The Bennett Institute's Dimitri Zenghelis was part of the Advisory Group to the Committee on Climate Change, who informed the recommendation on the costs and benefits of net zero.
The report from the advisary group emphasises the need to recognise greenhouse gas mitigation expenditures as investments, both in new industrial activities, and in achieving the benefits of a stable climate. Like all investments, these may not have instant returns, but rightly directed and incentivised can make the best possible economic, societal and environmental returns over a longer time horizon.
The Advisory Group recognises the need to deal with uncertainty, irreversible tipping points and thresholds both with regards the climate science and society’s propensity to lock in to future technologies and behaviours. It stressed the application to this scenario of Romer’s ‘conditional optimism’, which suggests “that policy choices are even more important than traditional theory suggests.” It makes the point that policy-makers’ ability to guide future outcomes in the desired direction influences the path towards the net zero carbon target. The decarbonisation process can be steered and anticipated to some extent, as “the cost of decarbonisation in decades to come will be a function of the action and investment taken today.” The authors further note:
“The correct answer to the question ‘what will it cost?’ is therefore what economists call endogenous; it depends on what is done now.”
The action taken, the policies set and the investments made all play a highly influential role in another aspect of the route towards a zero carbon target; they contribute to forming and adjusting expectations. Further investment in research, innovation, and in mass renewable technology will be stimulated by credible signals given to innovators and investors. And these investments should bring technology and infrastructure costs further down.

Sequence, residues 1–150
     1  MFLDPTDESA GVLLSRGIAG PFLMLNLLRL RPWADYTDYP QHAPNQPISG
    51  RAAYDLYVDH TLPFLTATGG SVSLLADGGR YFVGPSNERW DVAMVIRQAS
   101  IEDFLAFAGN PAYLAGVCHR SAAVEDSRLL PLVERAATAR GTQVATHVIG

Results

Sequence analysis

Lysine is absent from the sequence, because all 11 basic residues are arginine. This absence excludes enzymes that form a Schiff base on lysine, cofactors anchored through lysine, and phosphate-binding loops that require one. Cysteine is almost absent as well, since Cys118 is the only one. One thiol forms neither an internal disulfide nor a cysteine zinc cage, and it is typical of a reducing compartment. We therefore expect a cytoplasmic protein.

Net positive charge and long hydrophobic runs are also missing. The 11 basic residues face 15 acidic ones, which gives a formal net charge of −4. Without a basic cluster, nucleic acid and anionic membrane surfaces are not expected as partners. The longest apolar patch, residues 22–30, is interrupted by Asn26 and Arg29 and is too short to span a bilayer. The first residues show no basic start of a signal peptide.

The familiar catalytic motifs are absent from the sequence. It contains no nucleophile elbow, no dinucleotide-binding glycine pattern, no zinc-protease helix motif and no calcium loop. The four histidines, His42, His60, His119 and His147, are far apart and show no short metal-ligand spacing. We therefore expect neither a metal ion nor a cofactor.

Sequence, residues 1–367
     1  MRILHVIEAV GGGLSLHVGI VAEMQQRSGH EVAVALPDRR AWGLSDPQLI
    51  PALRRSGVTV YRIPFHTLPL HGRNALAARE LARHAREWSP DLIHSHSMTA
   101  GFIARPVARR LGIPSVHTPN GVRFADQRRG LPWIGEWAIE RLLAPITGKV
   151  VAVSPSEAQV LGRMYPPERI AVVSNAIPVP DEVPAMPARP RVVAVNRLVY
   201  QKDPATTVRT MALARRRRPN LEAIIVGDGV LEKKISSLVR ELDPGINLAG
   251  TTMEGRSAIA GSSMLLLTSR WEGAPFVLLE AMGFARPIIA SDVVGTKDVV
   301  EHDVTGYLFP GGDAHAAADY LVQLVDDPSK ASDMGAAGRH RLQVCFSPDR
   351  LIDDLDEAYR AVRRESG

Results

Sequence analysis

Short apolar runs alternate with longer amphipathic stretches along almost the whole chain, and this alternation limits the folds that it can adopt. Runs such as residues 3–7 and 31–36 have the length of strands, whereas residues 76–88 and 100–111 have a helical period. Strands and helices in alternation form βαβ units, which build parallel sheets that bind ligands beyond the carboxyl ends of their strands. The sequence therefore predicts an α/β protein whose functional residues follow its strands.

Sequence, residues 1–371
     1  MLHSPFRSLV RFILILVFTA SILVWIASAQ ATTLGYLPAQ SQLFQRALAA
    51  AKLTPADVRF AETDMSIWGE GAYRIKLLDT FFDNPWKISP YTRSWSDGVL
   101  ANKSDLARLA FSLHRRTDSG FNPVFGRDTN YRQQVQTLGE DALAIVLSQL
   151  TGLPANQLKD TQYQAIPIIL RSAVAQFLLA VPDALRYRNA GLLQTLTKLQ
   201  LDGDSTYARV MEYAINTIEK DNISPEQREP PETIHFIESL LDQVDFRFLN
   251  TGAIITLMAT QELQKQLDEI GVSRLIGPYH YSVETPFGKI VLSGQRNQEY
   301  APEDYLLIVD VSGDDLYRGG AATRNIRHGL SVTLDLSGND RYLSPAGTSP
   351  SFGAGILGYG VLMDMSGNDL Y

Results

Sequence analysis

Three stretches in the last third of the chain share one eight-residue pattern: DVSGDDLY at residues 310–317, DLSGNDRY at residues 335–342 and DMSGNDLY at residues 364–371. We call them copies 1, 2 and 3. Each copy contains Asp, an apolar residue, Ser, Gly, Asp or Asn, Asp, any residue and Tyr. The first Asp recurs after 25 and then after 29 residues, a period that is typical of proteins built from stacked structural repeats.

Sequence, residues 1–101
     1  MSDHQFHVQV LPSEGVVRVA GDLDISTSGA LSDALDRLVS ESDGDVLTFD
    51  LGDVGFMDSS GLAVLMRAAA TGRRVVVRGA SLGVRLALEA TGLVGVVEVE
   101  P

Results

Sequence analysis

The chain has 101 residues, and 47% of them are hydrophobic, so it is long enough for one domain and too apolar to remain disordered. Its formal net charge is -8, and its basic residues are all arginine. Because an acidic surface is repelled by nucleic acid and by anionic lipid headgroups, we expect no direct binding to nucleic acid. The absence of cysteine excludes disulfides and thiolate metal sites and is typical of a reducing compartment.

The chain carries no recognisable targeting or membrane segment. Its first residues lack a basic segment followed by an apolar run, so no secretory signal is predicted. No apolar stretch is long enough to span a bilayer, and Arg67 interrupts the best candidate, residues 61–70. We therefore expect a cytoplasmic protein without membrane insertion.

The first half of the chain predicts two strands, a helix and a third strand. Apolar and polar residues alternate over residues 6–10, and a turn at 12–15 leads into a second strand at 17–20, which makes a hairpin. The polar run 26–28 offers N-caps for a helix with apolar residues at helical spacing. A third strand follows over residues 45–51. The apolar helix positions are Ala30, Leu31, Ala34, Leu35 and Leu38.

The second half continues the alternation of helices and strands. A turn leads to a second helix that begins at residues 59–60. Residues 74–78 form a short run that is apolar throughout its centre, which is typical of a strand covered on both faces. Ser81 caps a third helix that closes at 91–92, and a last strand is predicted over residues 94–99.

In addition to these possible cost reductions, though, the report indicates that earlier economic predictions of decarbonisation costs continue to be overly pessimistic, and draws our attention to the real rapidity with which costs of renewable energy technology have fallen. There is no reason to ignore the potential of achieving a net zero carbon target based on these incentives for action.
Further incentives for the zero carbon mitigation action include the co-benefits that could be enjoyed from achieving this target, where gains can be foreseen across multiple policy areas. One such example is reduced air pollution, an additional, non-greenhouse gas benefit for human health and the environment more broadly, which should be considered in the cost-benefit evaluation of greenhouse gas emission reduction.
The expected net benefits of a net zero target, in terms of both climate damages and reducing the costs of decarbonisation, on balance outweigh those of an 80% decarbonisation target preciously because of the target’s impact on guiding the UK economy along a path that manages the low carbon transition by starting the process in sufficient time. Above all, the net zero mark removes uncertainty and curbs the potential for lobbying of sectors for greater proportions of the remaining 20% emissions allowance.
The pressing feeling of urgency surrounding climate action should not spur us into unrealistic ambitions, and the Advisory Group conclude that, alongside the thought that strong mitigation action is preferable to not acting, a credible date to set for achieving a net zero carbon target is 2050. By this time, government should have worked towards building the appropriate infrastructure for a ‘decarbonised UK’, by encouraging mass deployment of low carbon technologies and incentivising sustainable production and consumption chains. Through ‘conditional optimism’, UK government action via its policy, including stable long-term direction with clear governance, and the use of markets to find the best solutions, is in line for reaching the desirable zero carbon target.